*** Biden's big moment: Now we turn to tonight's program… Before last Thursday, it appeared Joe Biden would never get a moment like this. He wanted it, ran for president twice to get it, but it seemed the dream was going to die. And then, Obama gave Biden political redemption. The Delaware senator has been preparing for this moment for half his life. He's been a senator for more than half his life. As he likes to point out, he was the Obama of the '88 campaign. Biden may have the unenviable task of having to follow Bill Clinton tonight, but if anyone is up to the task, it's him. Ask any union member about Biden's ability to bring down a house. He's got it in him; let's see if he can pull it off.
*** Elvis is in the building: We swear that tonight's featured speech is Joe Biden, seriously, it is. But it's not the speech that's getting the early buzz -- that belongs to the anticipated remarks of Bill Clinton. What will he say? How will he say it? Will he make an Obama pitch or a generic argument for the Democratic way of governing? Our sense: Bill's a competitive guy, he wants to show Obama why he'd be an asset and why he might be better suited at making the case against McCain. The one thing that would surprise us: If someone ends up describing the speech as unremarkable.
*** No rest for the weary: Politico reports that McCain's pick is coming Friday, and the CW is back pointing in Romney's direction, who happens to be in Denver. He was pretty solid today on Morning Joe, talking up the need for McCain to carry Michigan. He sounded like a guy ready for the call.
*** A good day for the DSCC, a bad day (maybe) for the DCCC: Alaska held its primaries last night, offering the possibility that the state's longest-serving Republicans -- Ted Stevens and Don Young, both whom face legal/ethical troubles -- could go down to defeat. Well, it turns out that one may. Per the Anchorage Daily News, Young trails GOP challenger Sean Parnell by fewer than 200 votes. A Parnell win would complicate the Democrats' chances of winning the seat. Somewhat surprisingly, however, Stevens -- who is indicted and faces a trial on corruption charges in the fall -- easily won his primary. And that's good news for Democratic challenger Mark Begich, who now seems even more in the driver's seat in that contest. [***UPDATE*** Young is actually now ahead by 145 votes with 429 of 438 precincts reporting. Democrats are gearing up either way, believing that Parnell's inability to pull away from a candidate under investigation by the FBI, signifies, one strategist said, "the more Alaskans saw of Parnell, the less they liked him."]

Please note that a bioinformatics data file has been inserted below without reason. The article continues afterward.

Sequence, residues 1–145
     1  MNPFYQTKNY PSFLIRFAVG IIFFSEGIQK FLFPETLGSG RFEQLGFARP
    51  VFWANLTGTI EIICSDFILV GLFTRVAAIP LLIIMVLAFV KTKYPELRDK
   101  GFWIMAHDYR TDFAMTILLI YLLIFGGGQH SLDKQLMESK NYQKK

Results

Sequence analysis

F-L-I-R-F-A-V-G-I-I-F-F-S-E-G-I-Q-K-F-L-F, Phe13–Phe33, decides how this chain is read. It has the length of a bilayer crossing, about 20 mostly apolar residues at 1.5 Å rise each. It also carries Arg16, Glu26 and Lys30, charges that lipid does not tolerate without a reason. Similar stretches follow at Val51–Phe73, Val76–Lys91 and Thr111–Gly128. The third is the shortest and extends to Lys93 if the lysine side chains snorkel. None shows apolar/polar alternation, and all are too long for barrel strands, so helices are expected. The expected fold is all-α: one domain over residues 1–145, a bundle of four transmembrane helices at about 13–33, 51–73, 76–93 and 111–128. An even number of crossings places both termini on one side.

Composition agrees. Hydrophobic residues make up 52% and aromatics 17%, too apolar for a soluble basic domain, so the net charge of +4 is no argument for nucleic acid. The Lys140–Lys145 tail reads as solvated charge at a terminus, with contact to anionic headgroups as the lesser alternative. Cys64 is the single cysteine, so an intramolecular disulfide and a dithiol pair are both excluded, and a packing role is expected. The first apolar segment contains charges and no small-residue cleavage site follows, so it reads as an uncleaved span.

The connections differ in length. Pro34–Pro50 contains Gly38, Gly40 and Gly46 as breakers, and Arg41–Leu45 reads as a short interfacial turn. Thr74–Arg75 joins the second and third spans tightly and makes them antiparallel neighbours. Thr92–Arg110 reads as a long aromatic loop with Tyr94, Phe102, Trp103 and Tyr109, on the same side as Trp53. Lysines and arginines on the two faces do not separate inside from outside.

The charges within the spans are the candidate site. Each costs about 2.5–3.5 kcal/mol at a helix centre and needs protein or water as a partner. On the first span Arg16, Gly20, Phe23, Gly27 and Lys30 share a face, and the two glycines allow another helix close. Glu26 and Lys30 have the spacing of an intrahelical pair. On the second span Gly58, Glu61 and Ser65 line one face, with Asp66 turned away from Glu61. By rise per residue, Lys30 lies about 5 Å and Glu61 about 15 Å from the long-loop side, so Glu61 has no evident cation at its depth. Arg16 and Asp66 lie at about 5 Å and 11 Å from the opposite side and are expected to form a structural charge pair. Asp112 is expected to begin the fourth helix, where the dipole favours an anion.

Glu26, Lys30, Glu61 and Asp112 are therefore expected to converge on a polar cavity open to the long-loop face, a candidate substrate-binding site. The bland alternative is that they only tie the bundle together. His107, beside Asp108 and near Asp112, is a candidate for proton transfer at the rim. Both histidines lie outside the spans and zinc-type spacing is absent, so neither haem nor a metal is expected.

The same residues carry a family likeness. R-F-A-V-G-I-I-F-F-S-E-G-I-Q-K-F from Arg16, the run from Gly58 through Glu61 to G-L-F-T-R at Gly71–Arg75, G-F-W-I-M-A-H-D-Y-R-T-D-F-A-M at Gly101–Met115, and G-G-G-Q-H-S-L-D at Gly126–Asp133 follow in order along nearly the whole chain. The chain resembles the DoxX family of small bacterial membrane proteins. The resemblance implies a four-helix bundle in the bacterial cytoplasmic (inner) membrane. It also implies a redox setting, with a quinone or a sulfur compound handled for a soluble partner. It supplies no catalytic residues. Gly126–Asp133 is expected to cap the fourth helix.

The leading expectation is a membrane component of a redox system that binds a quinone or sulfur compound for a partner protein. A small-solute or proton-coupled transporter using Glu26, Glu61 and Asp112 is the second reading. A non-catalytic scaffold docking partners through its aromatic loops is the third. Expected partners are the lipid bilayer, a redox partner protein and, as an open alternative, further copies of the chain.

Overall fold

*** Today's convention schedule: Wednesday's theme is Securing America's Future (a focus on foreign affairs, as well as a tribute to veterans, active duty military, and military families). The marquee speakers are Bill Clinton and Joe Biden. Also speaking: Sen. Evan Bayh, Sen. Jack Reed, former Sen. Tom Daschle, Sen. John Kerry, Gov. Bill Richardson, Rep. Chet Edwards, and ex-congressional candidate Tammy Duckworth. Also, the formal roll-call vote takes place in the afternoon.
*** The RNC's response: Rudy Giuliani, former Maryland Lt. Gov. Michael Steele, and former Treasury Secretary Rosario Marin hold a press conference in Denver to rebut the Democrats on the issue of national security.
*** Also in Denver: Harry Reid, Chuck Schumer and Dem Senate candidates hold a press conference at 1:15 pm ET at the Colorado Convention Center to discuss the upcoming Senate races, 1:15 pm ET... Officials with the Western Majority Project discuss energy issues at 4:30 pm ET at the Colorado Convention Center.
*** On the trail: McCain is in Arizona, where he does some filming for his campaign. Obama holds a discussion with military families in Billings, MT.
Countdown to GOP convention: 5 days
Countdown to Election Day 2008: 69 days
Countdown to Inauguration Day 2009: 146 days